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Sci Total Environ. 2016 Jul 15;559:166-173. doi: 10.1016/j.scitotenv.2016.03.187. Epub 2016 Apr 6.

Associations of serum perfluoroalkyl acid levels with T-helper cell-specific cytokines in children: By gender and asthma status.

Author information

1
Guanghzou Key Laboratory of Environmental Pollution and Risk Assessment, Department of Preventive Medicine, School of Public Health, Sun Yat-sen University, Guangzhou 510080, China.
2
Faculty of Health, School of Public Health and Social Work, Queensland University of Technology, Brisbane, QLD, 4059, Australia.
3
International Laboratory for Air Quality and Health (WHO CC for Air Quality and Health), Australia-China Centre for Air Quality Science and Management, Queensland University of Technology, Brisbane, QLD, 4001, Australia.
4
Institute of Epidemiology and Preventive Medicine, College of Public Health, National Taiwan University, Taipei 100, Taiwan.
5
Department of Statistics and Operations Research, Hong Kong Baptist University, Kowloon Tong, Hong Kong, China.
6
Institute of Epidemiology and Preventive Medicine, College of Public Health, National Taiwan University, Taipei 100, Taiwan. Electronic address: leolee@ntu.edu.tw.
7
Guanghzou Key Laboratory of Environmental Pollution and Risk Assessment, Department of Preventive Medicine, School of Public Health, Sun Yat-sen University, Guangzhou 510080, China. Electronic address: donggh5@mail.sysu.edu.cn.

Abstract

Perfluoroalkyl acids (PFAAs) are a group of common chemicals that ubiquitously exist in wildlife and humans. Experimental data suggest that they may alter T-lymphocyte functioning in situ by preferentially enhancing the development of T-helper 2 (TH2)- and inhibiting TH1-lymphocyte development and might increase allergic inflammation, but few human studies have been conducted. To evaluate the association between serum PFAAs concentrations and T-lymphocyte-related immunological markers of asthma in children, and further to assess whether gender modified this association, 231 asthmatic children and 225 non-asthmatic control children from Northern Taiwan were recruited into the Genetic and Biomarker study for Childhood Asthma. Serum concentrations of ten PFAAs and levels of TH1 [interferon (IFN)-γ, interleukin (IL)-2] and TH2 (IL-4 and IL-5) cytokines were measured. The results showed that asthmatics had significantly higher serum PFAAs concentrations compared with the healthy controls. When stratified by gender, a greater number of significant associations between PFAAs and asthma outcomes were found in males than in females. Among males, adjusted odds ratios for asthma among those with the highest versus lowest quartile of PFAAs exposure ranged from 2.59 (95% CI: 1.14, 5.87) for the perfluorobutanesulfonate (PFBS) to 4.38 (95% CI: 2.02, 9.50) for perfluorooctanesulfonate (PFOS); and serum PFAAs were associated positively with TH2 cytokines and inversely with TH1 cytokines among male asthmatics. Among females, no significant associations between PFAAs and TH2 cytokines could be detected. In conclusion, increased serum PFAAs levels may promote TH cell dysregulation and alter the availability of key TH1 and TH2 cytokines, ultimately contributing to the development of asthma that may differentially impact males to a greater degree than females. These results have potential relevance in asthma prevention.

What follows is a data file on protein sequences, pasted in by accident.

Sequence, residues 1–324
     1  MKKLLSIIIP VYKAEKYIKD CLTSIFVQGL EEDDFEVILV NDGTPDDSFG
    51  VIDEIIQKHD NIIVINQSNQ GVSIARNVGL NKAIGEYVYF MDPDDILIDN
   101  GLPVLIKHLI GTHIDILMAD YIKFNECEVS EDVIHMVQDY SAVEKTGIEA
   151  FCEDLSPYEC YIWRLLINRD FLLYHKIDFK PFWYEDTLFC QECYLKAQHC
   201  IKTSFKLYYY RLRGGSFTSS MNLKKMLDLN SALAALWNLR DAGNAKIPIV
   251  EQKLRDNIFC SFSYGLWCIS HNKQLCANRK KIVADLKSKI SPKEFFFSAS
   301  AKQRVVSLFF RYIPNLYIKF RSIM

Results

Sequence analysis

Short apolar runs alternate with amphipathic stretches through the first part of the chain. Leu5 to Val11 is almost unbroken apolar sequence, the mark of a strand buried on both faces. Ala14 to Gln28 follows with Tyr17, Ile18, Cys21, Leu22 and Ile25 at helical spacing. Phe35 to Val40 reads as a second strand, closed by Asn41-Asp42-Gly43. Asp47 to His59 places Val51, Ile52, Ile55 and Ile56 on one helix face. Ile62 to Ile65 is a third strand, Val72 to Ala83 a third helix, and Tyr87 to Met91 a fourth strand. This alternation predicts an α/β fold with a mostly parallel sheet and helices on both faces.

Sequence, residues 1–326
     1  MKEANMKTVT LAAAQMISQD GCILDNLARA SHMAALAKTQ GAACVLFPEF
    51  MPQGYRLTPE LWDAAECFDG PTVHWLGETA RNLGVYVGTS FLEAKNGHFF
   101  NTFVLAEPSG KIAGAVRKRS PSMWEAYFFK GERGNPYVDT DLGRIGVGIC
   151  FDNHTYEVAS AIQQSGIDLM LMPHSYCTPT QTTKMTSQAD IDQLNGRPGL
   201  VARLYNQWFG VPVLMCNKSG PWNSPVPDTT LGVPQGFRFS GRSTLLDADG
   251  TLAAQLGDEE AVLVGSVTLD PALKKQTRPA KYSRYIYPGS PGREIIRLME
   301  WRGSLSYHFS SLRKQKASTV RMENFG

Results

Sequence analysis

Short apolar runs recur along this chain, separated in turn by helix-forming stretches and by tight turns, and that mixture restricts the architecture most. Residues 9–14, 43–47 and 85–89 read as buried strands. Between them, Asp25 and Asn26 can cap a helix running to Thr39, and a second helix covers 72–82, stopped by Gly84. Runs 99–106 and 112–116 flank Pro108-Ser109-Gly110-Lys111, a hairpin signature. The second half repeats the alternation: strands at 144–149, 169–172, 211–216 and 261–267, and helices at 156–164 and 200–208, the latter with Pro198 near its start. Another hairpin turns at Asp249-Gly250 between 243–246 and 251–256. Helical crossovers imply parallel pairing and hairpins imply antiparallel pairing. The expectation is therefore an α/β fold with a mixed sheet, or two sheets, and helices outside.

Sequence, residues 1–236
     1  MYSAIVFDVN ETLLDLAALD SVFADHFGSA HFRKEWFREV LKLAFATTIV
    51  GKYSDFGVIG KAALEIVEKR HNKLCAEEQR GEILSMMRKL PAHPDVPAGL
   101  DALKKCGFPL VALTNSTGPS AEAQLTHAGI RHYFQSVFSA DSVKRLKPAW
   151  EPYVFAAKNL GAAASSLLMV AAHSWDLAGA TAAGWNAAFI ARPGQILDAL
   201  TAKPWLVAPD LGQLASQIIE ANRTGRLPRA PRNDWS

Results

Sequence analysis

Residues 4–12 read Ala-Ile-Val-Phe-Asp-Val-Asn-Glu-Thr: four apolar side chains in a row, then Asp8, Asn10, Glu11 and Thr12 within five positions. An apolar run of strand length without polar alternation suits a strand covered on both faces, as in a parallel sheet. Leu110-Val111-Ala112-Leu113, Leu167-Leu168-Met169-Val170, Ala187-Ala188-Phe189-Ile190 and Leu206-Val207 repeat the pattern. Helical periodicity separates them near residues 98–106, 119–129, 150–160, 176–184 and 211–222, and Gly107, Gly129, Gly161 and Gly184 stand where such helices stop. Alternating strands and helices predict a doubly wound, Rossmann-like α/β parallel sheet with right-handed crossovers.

KEYWORDS:

Asthma; Children; Perfluoroalkyl acids (PFAAs); T(H)2 cytokines; T-helper 1 (T(H)1) cytokines

PMID:
27060656
DOI:
10.1016/j.scitotenv.2016.03.187
[Indexed for MEDLINE]

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